As we reported in our comprehensive guide to The Renewable Energy Transition, battery storage will continue to be the enabling link between intermittent renewable generation and grid reliability with the potential to have a very significant impact on decarbonization of our energy systems. As installation costs become more cost-efficient with strong ROIs, the light is very much shining on renewable energy storage as the solution to our energy challenges.

The renewable energy resourcing challenge

The centralised power grids which power our towns and cities effectively enable modern society to function. These centralized grids rely on a continuous, uninterrupted flow of electricity to literally ‘keep the lights on’.

For decades now, this problem has been traditionally answered by burning coal, oil, and natural gas in power stations, which allow for continuous power generation over a long period of time.

However, as thousands of megawatts of these traditional generation sources are retired each year, they are increasingly being replaced with inherently intermittent generation from solar and wind power. The issue is that the grid needs the ability to respond to demand “as required”, which simply is not possible to guarantee because these sources stop producing energy when the wind stops blowing and the sun sets.

As a result, installing solar or wind farms is not the final step in the world’s transition to renewable energy. The full solution would need us to re-arrange and re-design the network infrastructure to harness the FULL potential of renewables, therefore making electricity supply cheaper, more secure and more sustainable. As demonstrated, this means including a storage element on sites to alleviate any intermittency issues caused when solar and wind power is unavailable.

If we simply replace the previous constant generation with these intermittently generating sources such as solar and wind power, the grid will ultimately be less able to respond to surges in demand unless some form of energy storage is able to “step in” and meet the demand “as required”.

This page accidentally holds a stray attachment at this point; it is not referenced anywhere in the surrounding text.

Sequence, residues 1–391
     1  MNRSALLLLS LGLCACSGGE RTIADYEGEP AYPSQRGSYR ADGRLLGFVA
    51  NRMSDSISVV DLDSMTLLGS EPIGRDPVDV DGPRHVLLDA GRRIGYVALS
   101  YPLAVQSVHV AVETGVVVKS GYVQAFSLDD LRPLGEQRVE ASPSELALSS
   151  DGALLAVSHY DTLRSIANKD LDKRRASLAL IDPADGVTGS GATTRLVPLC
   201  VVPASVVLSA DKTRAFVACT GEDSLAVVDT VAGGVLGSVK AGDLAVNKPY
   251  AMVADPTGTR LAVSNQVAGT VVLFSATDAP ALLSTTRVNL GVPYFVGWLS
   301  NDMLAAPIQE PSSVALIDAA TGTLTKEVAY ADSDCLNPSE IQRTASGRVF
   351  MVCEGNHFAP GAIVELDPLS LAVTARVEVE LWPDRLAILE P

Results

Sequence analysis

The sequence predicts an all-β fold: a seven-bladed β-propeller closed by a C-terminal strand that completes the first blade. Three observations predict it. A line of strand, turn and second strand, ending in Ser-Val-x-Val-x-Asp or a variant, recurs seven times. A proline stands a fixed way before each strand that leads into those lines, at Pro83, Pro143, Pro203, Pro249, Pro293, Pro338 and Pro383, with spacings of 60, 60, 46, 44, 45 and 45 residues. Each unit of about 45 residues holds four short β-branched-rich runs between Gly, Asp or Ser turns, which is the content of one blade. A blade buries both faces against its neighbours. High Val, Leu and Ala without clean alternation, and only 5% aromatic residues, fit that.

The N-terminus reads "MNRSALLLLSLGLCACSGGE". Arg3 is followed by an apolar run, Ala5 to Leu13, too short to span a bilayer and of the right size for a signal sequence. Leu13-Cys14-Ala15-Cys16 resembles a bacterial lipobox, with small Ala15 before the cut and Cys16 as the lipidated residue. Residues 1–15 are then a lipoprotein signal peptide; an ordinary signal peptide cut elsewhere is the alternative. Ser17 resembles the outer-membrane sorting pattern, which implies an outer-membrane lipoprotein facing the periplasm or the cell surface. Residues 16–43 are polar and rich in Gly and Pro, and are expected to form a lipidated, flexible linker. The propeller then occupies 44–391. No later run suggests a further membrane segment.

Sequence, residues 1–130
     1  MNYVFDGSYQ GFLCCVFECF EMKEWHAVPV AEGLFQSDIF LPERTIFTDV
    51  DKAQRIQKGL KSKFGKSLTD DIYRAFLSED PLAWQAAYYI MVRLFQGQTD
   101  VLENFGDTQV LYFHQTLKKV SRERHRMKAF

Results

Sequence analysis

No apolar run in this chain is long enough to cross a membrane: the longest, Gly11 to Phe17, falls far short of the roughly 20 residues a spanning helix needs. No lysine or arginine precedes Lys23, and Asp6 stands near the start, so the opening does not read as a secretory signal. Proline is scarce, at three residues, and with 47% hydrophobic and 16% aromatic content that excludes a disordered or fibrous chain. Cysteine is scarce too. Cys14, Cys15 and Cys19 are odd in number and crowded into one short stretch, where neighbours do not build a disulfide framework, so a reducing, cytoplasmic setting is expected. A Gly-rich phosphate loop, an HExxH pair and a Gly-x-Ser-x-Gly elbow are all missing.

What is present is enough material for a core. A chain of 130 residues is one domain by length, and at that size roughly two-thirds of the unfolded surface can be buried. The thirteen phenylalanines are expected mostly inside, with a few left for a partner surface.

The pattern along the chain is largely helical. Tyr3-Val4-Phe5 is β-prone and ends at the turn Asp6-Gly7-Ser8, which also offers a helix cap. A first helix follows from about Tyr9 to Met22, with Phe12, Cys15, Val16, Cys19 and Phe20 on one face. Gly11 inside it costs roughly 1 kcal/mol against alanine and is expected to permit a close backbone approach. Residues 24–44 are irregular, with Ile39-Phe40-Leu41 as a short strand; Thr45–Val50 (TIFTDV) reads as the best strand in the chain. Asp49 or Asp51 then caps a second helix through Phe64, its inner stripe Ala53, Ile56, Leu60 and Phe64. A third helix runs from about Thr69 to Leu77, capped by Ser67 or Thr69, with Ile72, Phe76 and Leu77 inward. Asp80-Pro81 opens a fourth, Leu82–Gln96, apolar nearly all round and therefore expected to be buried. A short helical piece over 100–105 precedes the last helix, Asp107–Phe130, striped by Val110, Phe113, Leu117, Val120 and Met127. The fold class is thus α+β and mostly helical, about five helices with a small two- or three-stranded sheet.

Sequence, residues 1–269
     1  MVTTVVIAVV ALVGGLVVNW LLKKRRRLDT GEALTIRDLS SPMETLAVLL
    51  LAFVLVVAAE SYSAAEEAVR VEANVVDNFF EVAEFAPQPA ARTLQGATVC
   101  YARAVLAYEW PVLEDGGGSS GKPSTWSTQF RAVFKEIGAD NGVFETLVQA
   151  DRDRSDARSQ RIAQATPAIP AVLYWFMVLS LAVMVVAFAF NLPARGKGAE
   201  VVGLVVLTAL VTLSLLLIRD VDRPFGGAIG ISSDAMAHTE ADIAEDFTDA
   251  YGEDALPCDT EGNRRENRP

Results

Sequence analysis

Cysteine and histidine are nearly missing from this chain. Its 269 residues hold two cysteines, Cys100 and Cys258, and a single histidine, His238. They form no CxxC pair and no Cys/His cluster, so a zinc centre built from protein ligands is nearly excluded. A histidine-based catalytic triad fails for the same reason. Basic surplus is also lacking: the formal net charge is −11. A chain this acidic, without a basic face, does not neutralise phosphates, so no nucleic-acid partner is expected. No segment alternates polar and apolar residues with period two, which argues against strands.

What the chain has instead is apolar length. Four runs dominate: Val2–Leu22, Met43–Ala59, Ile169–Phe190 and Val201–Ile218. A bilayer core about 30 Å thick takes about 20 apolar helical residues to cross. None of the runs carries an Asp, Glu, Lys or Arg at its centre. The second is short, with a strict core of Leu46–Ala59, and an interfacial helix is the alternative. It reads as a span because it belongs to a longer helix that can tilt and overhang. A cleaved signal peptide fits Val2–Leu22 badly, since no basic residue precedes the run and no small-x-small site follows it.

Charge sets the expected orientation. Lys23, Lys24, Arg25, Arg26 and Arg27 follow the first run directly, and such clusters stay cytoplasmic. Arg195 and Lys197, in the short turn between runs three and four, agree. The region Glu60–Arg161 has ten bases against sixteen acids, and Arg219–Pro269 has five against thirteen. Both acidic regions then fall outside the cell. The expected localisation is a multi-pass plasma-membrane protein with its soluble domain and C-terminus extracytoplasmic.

Considering that wind and solar energy are two of the most prominent forms of renewable power generation, battery storage, in turn, is providing a cost-effective solution to the intermittency problems associated with these renewable power sources.

Developments in battery storage technology have enabled commercially viable utility-scale sites to store excess energy during peak production periods and release it during peak demand periods. Afterall, there is no point in producing the energy if we cannot make it readily accessible when it is needed. Other than alleviating the intermittency issues that come introducing renewables on a site, battery storage systems also perform many other important grid functions which we will look into in more detail in future articles.

Battery energy storage as the turnkey solution

Trina Storage is at the forefront of Battery Energy Storage System technology. For nearly a decade, Trina Storage had been developing, refining, and defining its own in-house battery technology specifically optimized for Grid Scale applications to ensure safe operation and maximize lifetime.  

It will continue to implement large utility-scale and commercial storage systems in order to overcome the challenges presented by the renewable energy transition.



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